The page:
| NEW YORK
NEW YORK Jan 28 A group of investors in the
company that owns the Empire State Building filed a motion on
Monday to block a proposed settlement of a lawsuit against a
group looking to create a public company with the historic
building as its centerpiece.
Several investors in Empire State Building Associates
(ESBA), which owns the building, said their skyscraper and
investment are vastly different than the other properties
involved in the settlement. As such, they believe they should
not be bound by the proposed settlement.
"The settlement is both grossly inadequate and unfairly
apportioned," the filing in the New York State court said. "The
ESBA investors must be treated as a separate class and must be
Malkin Holdings LLC's plans to roll up more than 18
properties into the Empire State Realty Trust Inc, which would
become publicly traded if the investors approve the roll-up.
Last year, investors in several of the properties sued to
stop the plan, in part because they objected to the tax
treatment they would face.
In October, Malkin Holdings and other defendants agreed to
pay $55 million payment to settle the suit. Under the proposed
agreement, which must receive court approval, the class
participants have agreed to support roll-up and the proposed
initial public offering. The payment and the settlement are
conditional upon the approval of the roll-up and the IPO.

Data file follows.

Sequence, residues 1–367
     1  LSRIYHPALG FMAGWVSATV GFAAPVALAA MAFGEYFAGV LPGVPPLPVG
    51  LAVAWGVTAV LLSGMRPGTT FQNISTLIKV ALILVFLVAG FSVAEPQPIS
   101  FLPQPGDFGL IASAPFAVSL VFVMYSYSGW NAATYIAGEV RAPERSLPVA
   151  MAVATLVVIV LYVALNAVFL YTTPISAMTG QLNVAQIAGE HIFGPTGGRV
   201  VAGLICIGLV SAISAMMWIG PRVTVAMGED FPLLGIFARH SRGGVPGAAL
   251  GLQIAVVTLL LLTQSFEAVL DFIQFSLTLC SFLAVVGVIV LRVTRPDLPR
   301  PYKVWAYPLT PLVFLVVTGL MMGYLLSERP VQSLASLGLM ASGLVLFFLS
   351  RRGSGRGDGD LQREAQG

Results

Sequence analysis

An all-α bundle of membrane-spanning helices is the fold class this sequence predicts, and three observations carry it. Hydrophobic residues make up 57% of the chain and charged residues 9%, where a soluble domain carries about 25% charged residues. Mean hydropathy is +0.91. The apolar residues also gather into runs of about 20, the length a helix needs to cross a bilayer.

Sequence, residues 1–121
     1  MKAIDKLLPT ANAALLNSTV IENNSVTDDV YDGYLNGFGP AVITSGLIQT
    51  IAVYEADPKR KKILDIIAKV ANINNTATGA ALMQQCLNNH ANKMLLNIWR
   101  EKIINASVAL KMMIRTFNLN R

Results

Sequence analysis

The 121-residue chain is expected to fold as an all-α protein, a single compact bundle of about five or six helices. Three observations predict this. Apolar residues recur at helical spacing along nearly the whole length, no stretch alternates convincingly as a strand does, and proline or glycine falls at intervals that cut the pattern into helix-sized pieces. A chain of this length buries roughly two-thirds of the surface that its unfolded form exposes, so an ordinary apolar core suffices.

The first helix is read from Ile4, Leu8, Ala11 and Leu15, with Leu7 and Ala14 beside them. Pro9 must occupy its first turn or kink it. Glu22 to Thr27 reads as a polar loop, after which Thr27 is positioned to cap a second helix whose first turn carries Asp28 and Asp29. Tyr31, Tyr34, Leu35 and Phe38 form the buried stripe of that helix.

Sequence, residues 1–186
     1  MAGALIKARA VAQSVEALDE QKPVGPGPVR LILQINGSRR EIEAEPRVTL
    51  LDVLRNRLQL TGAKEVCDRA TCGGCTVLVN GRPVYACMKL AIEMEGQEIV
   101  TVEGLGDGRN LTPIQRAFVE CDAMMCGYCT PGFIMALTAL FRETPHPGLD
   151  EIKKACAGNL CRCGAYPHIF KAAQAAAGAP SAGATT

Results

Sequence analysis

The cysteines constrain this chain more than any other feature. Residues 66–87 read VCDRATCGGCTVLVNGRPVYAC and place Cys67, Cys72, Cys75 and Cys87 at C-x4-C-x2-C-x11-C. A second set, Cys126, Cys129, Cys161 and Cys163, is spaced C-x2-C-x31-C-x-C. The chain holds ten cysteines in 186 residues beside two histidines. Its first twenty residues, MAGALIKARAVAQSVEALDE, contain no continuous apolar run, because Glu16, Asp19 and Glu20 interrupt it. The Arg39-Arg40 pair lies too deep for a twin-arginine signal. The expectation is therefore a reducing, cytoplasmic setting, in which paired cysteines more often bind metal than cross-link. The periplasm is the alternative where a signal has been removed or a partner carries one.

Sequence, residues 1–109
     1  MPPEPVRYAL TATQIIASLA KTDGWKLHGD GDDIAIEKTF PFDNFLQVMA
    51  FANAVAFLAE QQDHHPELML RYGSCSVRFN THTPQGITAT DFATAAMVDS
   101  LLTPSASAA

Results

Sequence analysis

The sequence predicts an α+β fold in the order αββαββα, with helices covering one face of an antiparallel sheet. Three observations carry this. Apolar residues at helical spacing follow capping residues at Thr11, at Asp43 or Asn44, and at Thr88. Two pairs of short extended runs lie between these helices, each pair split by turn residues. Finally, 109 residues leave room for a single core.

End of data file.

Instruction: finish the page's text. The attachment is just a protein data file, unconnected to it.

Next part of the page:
But the investors who objected to the settlement on Monday
say they have different interests than investors in the other
properties and should not be grouped in with them, according to
court documents. They said they are being forced to trade their
bond-like, low-risk participation units for high-risk equity
shares. They also said the roll-up would dilute the brand of the
Empire State Building, one of the world's most recognized
A representative from Malkin Holdings declined to comment.
Many of the 2,800 investors in the Empire State Building are
the children or grandchildren of the original investors who paid
$10,000 apiece in 1961 to buy the lease on the property. The
building was then subleased for 114 years to a joint venture
between Lawrence Wein, a pioneer in real estate syndication
ownership, and Harry Helmsley.
The Malkin Group is led by Peter Malkin, Wein's son-in-law,
and Anthony Malkin, Wein's grandson. The Empire State Realty
Trust was proposed after the Helmsley Trust said it needed to
cash out its position.